Marijuana might cause new cell growth in the brain - health - 13 October 2005 A synthetic chemical similar to the active ingredient in marijuana makes new cells grow in rat brains. What is more, in rats this cell growth appears to be linked with reducing anxiety and depression. The results suggest that marijuana, or its derivatives, could actually be good for the brain. In mammals, new nerve cells are constantly being produced in a part of the brain called the hippocampus, which is associated with learning, memory, anxiety and depression. Other recreational drugs, such as alcohol, nicotine and cocaine, have been shown to suppress this new growth. Xia Zhang of the University of Saskatchewan in Saskatoon, Canada, and colleagues decided to see what effects a synthetic cannabinoid called HU210 had on rats' brains. They found that giving rats high doses of HU210 twice a day for 10 days increased the rate of nerve cell formation, or neurogenesis, in the hippocampus by about 40%. Just like Prozac? Journal reference: Journal of Clinical Investigation (DOI:10.1172/JCI25509)
Guitarists' Brains Swing Together When musicians play along together it isn't just their instruments that are in time – their brain waves are too. New research shows how EEG readouts from pairs of guitarists become more synchronized, a finding with wider potential implications for how our brains interact when we do. Ulman Lindenberger, Viktor Müller, and Shu-Chen Li from the Max Planck Institute for Human Development in Berlin along with Walter Gruber from the University of Salzburg used electroencephalography (EEG) to record the brain electrical activity in eight pairs of guitarists. Each of the pairs played a short jazz-fusion melody together up to 60 times while the EEG picked up their brain waves via electrodes on their scalps. The similarities among the brainwaves' phase, both within and between the brains of the musicians, increased significantly: first when listening to a metronome beat in preparation; and secondly as they began to play together.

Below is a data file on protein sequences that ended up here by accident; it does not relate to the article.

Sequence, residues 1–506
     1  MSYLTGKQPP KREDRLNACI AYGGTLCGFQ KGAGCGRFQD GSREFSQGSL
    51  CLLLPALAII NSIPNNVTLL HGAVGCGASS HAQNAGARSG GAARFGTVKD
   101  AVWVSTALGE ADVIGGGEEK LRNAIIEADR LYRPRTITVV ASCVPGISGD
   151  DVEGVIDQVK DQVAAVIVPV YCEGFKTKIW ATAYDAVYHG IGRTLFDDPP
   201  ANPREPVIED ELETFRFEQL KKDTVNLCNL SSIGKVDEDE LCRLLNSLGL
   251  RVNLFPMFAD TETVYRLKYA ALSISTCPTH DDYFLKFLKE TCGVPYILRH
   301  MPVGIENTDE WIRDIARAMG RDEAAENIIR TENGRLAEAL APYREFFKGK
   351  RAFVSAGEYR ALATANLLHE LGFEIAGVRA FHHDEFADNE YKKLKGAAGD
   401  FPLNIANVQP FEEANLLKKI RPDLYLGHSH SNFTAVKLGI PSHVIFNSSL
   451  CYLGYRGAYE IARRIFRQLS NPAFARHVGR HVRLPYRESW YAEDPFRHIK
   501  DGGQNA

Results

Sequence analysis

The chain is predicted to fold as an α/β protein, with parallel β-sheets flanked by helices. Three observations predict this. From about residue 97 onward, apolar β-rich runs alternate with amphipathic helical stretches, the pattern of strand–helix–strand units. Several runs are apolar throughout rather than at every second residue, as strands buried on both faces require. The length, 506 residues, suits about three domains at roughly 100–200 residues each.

The Neuroscience of Looking on the Bright Side Ask a bride before walking down the aisle “How likely are you to get divorced?” and most will respond “Not a chance!” Tell her that the average divorce rate is close to 50 percent, and ask again. Would she change her mind? Unlikely. Psychologists have documented human optimism for decades. To answer these questions we have investigated optimism by using a recent, burgeoning approach in neuroscience: Describing neural activity related to complex behavior with the simple concept of “prediction errors.” The concept of prediction errors was initially put forward in research on artificial intelligence. How have neuroscientists employed the idea of prediction errors to study brain activity? Interestingly, similar patterns of brain activity seem to be at play when participants gamble for money and when they engage in complex social interactions. Prediction errors also appear to be involved in another common human social behavior, when we find out whether another person likes us or not.